Petricevic still chasing legal aid as trial looms

By Edward Gay

Former Bridgecorp directors Rod Petricevic (l) and Robert Roest. Photo / Richard Robinson
Former Bridgecorp directors Rod Petricevic (l) and Robert Roest. Photo / Richard Robinson

Failed finance company director Rod Petricevic is still pursuing his bid for legal aid.

Petricevic appeared in court today where his trial and that of former Bridgecorp chairman Bruce Davidson, executive Rob Roest and two other ex-directors Gary Urwin and Peter Steigrad was re-scheduled for October.

Their trial has been delayed for the second time to allow newly appointed counsel for Rob Roest time to become familiar with the case.

The Securities Commission allege that they mislead investors about Bridgecorp's financial health.

Urwin's lawyer, Alexis Lankovsky, had been hospitalised but he told the court today that he was now "fighting fit".

Petricevic told Justice Geoffrey Venning that he was continuing his fight for legal aid.

He said he had been "under pressure" to get his application filed for the previous trial date of Monday this week.

Petricevic said he received a letter back from Legal Aid which, according to the date of the letter and its corresponding post mark, had taken four days to post.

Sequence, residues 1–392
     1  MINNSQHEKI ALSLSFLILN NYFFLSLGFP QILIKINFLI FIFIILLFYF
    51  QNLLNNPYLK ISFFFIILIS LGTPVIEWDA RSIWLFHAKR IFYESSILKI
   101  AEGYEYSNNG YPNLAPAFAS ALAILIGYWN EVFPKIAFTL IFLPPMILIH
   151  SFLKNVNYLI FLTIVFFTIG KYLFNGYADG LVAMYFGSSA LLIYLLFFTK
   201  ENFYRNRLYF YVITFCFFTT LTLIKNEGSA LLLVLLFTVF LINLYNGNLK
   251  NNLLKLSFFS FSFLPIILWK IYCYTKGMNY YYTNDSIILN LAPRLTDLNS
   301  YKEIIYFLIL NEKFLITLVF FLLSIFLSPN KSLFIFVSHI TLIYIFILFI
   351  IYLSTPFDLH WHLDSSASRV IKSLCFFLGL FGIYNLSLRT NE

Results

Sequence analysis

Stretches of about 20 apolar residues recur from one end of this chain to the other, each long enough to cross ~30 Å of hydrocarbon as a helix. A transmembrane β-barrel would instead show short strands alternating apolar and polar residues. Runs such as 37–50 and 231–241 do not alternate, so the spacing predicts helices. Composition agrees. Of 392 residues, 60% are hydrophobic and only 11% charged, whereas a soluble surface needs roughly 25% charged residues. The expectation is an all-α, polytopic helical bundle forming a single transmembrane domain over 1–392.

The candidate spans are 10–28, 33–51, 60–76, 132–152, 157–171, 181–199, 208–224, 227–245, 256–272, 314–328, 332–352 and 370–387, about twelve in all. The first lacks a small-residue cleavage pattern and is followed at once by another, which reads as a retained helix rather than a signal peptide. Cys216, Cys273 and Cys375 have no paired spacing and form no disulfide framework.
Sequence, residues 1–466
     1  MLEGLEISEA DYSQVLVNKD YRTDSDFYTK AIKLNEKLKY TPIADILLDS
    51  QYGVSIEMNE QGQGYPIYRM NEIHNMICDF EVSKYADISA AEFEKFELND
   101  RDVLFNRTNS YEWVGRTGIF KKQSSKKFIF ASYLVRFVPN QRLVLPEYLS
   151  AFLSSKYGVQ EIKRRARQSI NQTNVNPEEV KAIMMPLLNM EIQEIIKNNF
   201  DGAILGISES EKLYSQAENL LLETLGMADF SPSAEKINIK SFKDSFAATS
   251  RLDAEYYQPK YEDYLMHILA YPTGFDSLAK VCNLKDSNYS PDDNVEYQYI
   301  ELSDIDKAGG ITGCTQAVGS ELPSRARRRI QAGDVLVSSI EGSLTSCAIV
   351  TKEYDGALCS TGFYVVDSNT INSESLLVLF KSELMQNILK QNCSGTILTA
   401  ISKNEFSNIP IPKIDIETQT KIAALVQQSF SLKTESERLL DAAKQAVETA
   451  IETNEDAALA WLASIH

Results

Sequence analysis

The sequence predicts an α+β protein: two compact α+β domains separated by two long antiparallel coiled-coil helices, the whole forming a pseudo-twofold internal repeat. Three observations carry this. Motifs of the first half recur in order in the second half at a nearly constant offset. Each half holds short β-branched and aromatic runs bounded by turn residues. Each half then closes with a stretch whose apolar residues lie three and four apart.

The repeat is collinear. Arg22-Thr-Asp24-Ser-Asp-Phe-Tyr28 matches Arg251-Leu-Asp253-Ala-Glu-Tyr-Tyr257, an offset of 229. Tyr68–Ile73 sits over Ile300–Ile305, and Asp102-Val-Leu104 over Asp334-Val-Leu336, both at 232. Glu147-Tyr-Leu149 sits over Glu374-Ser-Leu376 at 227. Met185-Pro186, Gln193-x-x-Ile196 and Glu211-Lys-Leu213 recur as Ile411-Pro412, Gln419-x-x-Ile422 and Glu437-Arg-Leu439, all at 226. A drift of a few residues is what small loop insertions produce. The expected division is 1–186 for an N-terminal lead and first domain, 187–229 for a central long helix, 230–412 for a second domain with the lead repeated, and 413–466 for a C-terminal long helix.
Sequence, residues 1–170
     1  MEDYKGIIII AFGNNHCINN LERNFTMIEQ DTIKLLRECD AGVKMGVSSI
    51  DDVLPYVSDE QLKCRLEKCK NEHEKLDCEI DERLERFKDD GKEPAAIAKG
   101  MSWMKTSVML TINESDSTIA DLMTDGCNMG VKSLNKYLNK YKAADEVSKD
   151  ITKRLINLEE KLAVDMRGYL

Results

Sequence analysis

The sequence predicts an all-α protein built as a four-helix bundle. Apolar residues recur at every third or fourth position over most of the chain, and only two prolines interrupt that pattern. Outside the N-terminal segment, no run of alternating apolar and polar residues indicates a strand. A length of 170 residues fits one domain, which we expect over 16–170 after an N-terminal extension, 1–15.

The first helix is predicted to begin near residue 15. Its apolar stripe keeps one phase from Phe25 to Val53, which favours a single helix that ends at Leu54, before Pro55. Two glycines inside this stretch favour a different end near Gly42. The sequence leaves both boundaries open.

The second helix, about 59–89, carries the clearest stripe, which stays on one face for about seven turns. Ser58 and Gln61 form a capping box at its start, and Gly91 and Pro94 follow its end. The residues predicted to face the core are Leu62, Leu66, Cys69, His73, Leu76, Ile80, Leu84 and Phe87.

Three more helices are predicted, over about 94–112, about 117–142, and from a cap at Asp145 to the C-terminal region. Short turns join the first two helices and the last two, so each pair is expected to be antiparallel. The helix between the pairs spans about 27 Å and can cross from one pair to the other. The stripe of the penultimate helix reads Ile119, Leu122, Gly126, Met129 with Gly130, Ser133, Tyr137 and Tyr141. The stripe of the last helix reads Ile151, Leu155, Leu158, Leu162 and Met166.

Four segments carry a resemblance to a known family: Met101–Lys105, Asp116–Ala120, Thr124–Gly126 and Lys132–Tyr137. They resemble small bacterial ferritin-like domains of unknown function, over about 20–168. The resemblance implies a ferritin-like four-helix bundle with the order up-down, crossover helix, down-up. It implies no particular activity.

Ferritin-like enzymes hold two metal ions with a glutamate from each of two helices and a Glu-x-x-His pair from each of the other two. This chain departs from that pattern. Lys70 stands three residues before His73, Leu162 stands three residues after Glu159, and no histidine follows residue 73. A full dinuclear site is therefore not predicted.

He said the letter asked him to tick "two boxes".

Justice Venning said Petricevic was representing himself.

Petricevic responded: "That is not my position, I would prefer to be represented."

Justice Venning said the court had already discussed the matter and at present he was self-represented.

The court was also told that Steigrad has been excused from attending most of the trial but will be present on the first day and once a week for the eight weeks the trial is set down for.

The reasons are suppressed.

His lawyer, Brian Keane QC, said outside court that his client had had court documents loaded onto his computer at home and will be able to follow the trial.

Roest has recently been granted legal aid but Petricevic's applications for financial assistance to fund his case have been dismissed but he has re-applied.

A legal aid review panel previously declined Petricevic's legal aid application because despite being bankrupt, he is a trustee of the R.M. Petricevic Trust, which has considerable assets, and his wife Mary and adult sons are discretionary beneficiaries.

A financial report for the year ending March 31, 2009, revealed the trust had a total equity of $5.2 million, owning six rental properties in Auckland which were valued at more than $1 million with mortgage liabilities of $535,000.

Petricevic and Roest also face separate criminal charges from the Serious Fraud Office, which are expected to go to trial next year.

In a related case, a former subsidiary of Bridgecorp, Navigator Finance, has taken civil action against the R.M. Petricevic Trust for $2.2 million.

Bridgecorp collapsed in 2007 owing $459 million to 14,000 investors.


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